“It was raining cats and jazz.” From its first sentence, readers will know that Jazz Moon was written by a lover of words and music–someone who hears the music in the vowels, consonants and syllables of language and can weave them into poetry. Ben, the protagonist of Joe Okonkwo’s Jazz Moon has one constant love and that is poetry. It saves him again and again.
Ben Marcus Charles writes poetry in the mornings before heading off to his work as a waiter at a downtown hotel. His wife, Angeline, fixes hair. They love each other, perhaps not with the passion she might hope for, but enough to be happy enough, except for this thing that haunts Ben. And what is this thing? Ben is attracted to men. His first love was a man and one night, while he and Angeline are out enjoying the night life in Jazz Age Harlem they meet a man who brings up all those long-buried desires and dreams.
This is Ben’s story, of his search for love and for happiness though Ben thought that “happiness was more aspiration than destination.” He follows his love, the jazz trumpeter Baby Back Johnson, to Paris where “they love us over there,” as Baby Back assures him. And they do, with a fetishizing paternalism that is exemplified by the welcoming ship’s captain on their way to Paris who says, “The European must embrace the primitive sensuality that comes naturally to the African. That is essential to reinvigorating a white race that is becoming, quite frankly, boring.” Of course, fetishization is another facet of racism, but compared to lynchings and Jim Crow, it feels like love.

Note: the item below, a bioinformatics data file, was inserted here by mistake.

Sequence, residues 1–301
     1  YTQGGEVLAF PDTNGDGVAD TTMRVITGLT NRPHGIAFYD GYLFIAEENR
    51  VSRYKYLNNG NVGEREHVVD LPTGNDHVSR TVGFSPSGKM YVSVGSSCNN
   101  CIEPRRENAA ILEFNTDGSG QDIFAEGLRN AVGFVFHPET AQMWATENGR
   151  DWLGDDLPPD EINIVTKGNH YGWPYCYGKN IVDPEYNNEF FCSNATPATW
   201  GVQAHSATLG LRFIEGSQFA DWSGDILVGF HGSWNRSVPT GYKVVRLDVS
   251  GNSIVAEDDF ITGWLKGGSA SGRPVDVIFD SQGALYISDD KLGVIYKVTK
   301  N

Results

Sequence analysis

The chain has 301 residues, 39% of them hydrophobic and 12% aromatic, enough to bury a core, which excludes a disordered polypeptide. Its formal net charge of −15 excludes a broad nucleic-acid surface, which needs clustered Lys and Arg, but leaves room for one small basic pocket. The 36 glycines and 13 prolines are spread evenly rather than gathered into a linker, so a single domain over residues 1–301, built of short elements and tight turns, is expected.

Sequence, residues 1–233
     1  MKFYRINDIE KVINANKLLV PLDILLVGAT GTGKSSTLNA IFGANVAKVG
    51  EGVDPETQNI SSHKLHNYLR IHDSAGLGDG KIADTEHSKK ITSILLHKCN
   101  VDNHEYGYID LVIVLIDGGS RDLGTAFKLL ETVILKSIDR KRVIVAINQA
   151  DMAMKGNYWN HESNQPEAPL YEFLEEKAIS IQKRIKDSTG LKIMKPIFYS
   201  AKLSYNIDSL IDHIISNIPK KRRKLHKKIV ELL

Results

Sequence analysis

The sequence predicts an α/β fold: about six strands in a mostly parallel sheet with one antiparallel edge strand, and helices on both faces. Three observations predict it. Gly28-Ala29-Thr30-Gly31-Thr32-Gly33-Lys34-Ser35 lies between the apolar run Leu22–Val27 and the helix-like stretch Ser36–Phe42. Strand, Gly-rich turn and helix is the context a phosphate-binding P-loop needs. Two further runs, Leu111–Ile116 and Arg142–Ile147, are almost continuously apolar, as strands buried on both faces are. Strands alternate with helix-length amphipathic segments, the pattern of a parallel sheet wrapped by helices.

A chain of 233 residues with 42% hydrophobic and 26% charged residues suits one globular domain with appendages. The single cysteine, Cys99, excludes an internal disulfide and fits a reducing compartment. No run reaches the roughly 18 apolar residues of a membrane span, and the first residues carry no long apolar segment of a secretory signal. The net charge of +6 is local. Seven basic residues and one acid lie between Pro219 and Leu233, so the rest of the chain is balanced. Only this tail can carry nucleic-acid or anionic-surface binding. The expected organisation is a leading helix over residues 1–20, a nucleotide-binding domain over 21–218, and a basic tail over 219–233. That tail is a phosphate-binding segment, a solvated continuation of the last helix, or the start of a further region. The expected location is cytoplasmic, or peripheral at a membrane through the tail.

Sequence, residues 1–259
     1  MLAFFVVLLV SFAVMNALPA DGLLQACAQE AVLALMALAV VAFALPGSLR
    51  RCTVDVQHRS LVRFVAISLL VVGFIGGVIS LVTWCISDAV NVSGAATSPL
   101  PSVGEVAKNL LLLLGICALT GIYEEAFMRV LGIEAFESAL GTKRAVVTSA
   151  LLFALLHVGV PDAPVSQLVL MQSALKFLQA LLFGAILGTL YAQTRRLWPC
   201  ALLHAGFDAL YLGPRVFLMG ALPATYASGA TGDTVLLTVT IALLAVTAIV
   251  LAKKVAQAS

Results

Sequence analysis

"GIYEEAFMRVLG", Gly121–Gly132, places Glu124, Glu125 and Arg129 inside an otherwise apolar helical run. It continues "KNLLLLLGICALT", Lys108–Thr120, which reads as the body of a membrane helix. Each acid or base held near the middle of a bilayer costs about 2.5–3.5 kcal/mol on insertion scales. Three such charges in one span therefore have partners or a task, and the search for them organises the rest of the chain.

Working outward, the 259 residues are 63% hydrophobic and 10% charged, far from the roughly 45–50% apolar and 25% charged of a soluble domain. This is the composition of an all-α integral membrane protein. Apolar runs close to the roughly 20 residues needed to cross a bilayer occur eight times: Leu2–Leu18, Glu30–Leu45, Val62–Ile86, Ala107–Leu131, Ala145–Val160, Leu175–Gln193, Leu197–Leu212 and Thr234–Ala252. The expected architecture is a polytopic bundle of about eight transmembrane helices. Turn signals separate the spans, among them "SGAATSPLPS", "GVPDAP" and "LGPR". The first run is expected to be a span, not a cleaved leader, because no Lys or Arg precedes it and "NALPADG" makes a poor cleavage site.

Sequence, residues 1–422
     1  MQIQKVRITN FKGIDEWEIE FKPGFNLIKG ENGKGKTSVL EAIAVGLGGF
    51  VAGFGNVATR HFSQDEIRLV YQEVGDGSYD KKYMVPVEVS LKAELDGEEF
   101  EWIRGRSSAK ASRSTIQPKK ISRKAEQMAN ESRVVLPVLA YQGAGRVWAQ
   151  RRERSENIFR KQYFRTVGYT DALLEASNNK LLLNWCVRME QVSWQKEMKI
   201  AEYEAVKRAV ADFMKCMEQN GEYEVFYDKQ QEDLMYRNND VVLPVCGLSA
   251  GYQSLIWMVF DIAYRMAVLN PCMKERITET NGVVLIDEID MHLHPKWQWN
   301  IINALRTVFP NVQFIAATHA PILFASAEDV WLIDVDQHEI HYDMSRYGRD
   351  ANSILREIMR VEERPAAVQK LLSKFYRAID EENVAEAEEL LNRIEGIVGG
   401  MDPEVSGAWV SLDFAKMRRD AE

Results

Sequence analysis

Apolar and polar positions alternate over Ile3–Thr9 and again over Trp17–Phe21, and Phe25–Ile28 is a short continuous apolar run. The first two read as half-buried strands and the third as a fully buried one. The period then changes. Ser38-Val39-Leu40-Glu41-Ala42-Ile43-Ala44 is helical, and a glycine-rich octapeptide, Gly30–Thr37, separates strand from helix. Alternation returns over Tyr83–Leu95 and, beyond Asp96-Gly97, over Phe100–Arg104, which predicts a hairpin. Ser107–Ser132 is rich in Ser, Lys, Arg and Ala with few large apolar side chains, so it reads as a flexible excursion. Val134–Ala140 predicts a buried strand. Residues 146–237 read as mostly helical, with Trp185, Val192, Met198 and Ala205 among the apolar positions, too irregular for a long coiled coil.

Ben’s life in Paris and his search for love are complicated by ambition, jealousy, success and failure. He finds friends, lovers, and a home in Paris, but can he find what he needs?
Paris is a powerful presence in Jazz Moon and Okonkwo describes it in dizzying detail as “a painter’s palette streaked with colors: brilliant, moody, audacious, tantalizing, inviting, alienating. Reds and blacks and pinks and that milky gray that belonged both to the Paris sky and the pearls entwining a rich socialite’s neck.” It makes the cover art so perfect for this book. There’s a chapter where Ben is feeling the colors of Paris that is alight with wonder. I read it twice, just for its beautiful prose.
Jazz Moon can break your heart. There is a poem that Ben writes that can tear you apart with its pain. I very much enjoyed this novel though people who take offense at explicit sexuality, particularly explicit gay sexuality will be unhappy. For the rest of us, it’s a lovely novel of love and self-discovery. There are a few times when it verge toward melodrama, when we are just too far in Ben’s head when he’s wallowing and he does wallow. He is the kind of character that you just want to wake up, but that’s the point of the story, isn’t it, the slow awakening of Ben Marcus Charles.
Jazz Moon will be released May 31st by Kensington Books.
I was provided an e-galley by the publisher via NetGalley